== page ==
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Share to PinterestHow to Make Your Own Donut Holes

How to Make Your Own Donut Holes

By Chris Jones
Share to PinterestHow to Make Your Own Donut Holes

If you’re looking for a sweet and simple way to satisfy your donut cravings from the comfort of your own kitchen, the good news is you don't have to go nuts to make donuts. Homemade donut holes made with cake batter are perfect for beginners because they’re easy to shape, require zero experience with deep frying, and there’s no messing around with finicky yeast. The result is warm and crispy on the outside, fluffy on the inside, and delightfully dangerous to any donut lover.


Yeast vs. cake donuts

Share to PinterestEating delicious donuts
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Donuts are typically divided into two categories: yeast donuts and cake donuts. Yeast donuts also called raised donuts, are made from a dough that rises with yeast, surprisingly enough. Dunkin Donuts and Krispy Kreme are the yeast variety.

Cake donuts, on the other hand, are made from a sweetened dough that rises with baking powder. While yeast donuts have that classic donut shop flavor, they are time-consuming to make, and the yeast doesn’t always cooperate. Cake donuts, on the other hand, are the fool-proof option for beginner donut bakers.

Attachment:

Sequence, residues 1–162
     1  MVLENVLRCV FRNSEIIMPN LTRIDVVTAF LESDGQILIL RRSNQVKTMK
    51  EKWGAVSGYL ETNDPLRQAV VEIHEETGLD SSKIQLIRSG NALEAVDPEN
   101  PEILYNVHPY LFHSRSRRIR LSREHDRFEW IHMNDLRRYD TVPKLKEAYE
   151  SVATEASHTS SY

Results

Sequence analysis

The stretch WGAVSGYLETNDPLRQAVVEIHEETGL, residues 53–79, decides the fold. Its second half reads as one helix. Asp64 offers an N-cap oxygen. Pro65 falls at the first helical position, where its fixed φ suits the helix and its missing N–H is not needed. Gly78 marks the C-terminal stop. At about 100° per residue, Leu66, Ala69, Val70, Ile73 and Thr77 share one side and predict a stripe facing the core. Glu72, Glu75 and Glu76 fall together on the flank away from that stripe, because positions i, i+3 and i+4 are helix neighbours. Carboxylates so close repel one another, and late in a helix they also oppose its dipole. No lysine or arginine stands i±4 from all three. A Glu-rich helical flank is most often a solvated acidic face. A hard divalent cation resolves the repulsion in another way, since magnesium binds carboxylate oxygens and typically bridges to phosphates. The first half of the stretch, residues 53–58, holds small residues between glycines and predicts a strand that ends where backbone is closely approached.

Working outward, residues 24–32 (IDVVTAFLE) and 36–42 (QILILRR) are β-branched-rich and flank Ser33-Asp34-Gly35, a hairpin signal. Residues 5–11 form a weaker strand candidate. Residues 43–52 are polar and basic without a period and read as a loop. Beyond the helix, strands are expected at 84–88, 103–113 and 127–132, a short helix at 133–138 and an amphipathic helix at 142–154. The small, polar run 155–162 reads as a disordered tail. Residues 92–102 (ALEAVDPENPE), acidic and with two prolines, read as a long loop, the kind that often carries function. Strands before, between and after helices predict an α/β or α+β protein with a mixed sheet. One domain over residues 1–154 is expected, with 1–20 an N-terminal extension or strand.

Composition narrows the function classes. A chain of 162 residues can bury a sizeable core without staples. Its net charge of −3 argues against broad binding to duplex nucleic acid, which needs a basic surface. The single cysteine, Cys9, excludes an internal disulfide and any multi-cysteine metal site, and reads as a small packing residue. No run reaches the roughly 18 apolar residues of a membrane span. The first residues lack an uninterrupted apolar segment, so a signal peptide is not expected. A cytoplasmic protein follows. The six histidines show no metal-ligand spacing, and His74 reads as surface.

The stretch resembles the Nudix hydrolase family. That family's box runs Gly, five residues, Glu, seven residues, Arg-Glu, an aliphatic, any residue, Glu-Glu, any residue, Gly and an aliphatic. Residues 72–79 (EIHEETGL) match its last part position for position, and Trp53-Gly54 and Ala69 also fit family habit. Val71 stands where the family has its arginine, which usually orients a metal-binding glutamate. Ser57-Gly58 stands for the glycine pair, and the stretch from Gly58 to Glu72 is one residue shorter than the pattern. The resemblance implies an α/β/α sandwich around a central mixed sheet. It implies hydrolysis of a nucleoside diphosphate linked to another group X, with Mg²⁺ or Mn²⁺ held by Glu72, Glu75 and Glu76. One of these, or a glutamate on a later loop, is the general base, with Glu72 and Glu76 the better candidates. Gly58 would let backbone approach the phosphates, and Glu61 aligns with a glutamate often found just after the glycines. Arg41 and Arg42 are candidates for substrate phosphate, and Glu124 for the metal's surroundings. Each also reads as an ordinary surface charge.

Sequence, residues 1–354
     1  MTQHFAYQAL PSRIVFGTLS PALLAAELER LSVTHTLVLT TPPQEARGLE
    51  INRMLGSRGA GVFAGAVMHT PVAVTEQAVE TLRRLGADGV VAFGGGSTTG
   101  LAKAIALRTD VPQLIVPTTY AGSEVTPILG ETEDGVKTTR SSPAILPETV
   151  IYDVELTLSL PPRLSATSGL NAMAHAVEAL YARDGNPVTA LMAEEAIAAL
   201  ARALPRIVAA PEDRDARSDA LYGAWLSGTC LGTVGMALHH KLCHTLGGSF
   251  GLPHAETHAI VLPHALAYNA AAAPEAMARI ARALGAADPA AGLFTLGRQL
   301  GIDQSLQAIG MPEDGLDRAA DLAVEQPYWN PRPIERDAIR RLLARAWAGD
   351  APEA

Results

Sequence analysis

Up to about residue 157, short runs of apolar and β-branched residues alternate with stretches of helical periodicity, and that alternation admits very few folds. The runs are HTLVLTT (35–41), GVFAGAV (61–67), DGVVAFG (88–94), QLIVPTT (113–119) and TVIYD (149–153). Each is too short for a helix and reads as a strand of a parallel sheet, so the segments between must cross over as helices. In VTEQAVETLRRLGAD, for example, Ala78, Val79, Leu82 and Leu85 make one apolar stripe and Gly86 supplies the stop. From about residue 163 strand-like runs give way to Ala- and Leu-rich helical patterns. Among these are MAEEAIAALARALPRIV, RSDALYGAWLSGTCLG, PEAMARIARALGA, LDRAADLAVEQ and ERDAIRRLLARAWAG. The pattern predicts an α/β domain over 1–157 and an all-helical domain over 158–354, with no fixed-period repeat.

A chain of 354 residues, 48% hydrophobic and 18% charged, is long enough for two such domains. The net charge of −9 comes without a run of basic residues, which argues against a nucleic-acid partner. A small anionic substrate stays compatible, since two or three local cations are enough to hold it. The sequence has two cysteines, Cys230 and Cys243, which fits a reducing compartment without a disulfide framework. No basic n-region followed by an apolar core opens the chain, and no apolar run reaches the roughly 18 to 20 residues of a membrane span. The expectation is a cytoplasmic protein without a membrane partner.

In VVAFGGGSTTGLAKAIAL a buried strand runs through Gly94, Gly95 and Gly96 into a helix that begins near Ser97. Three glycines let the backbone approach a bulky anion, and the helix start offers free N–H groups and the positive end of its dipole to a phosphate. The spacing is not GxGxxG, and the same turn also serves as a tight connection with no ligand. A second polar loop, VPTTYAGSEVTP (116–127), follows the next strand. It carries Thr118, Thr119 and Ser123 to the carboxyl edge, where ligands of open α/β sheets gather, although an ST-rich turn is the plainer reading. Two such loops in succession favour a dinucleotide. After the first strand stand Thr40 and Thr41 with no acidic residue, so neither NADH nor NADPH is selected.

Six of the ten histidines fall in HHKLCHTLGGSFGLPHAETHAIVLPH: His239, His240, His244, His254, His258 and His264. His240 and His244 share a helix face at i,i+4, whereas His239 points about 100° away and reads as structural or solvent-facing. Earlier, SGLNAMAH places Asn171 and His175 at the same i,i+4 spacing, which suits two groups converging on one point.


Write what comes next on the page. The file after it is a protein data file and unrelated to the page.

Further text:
Tools to have on hand

Share to PinterestFrying donuts
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To make the perfect homemade cake donut holes, you will need:

  • A heavy bottomed pan, such as a deep cast iron pan or dutch oven.
  • A wooden spoon.
  • A cookie scoop to shape the dough into balls and drop them into the oil.
  • A wire skimmer to remove the donut holes from the hot oil.
  • A cooling rack to cool the freshly fried donuts and prevent soggy bottoms.
  • Optional: a piping tip with a piping bag or ziplock bag, if you want to make filled donuts.



Share to PinterestDonut holes
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  • 2 cups of unbleached, all purpose flour
  • ¼ cup of granulated sugar
  • 1½ tablespoon of baking powder
  • ½ teaspoon of kosher salt
  • ¼ teaspoon of ground nutmeg, optional
  • One large egg
  • 1 cup of whole milk
  • ¼ cup of melted butter
  • One teaspoon of vanilla extract
  • Oil for frying, such as canola, vegetable, or peanut


Making dough

Share to PinterestMaking donuts at home
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  • Line a large baking sheet with several layers of paper towels, then set your wire cooling rack on top of them.
  • In a large mixing bowl, combine the flour, sugar, baking powder, salt, and optional nutmeg. In a separate bowl, whisk the egg, milk, and vanilla.
  • Pour the wet ingredients into the large bowl with the dry ingredients, and stir with a wooden spoon.
  • Add melted butter to the mixture and stir until it forms a thick batter.


Don’t fear the fryer

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It’s actually quite simple to figure out whether or not oil is at the ideal temperature for deep frying, 350 degrees F, even without a thermometer.

  • Dip the handle of your wooden spoon in the oil. If the oil bubbles steadily around the spoon, it’s the right temperature. If it starts bubbling wildly, it’s too hot, and barely any bubbles mean it’s not hot enough.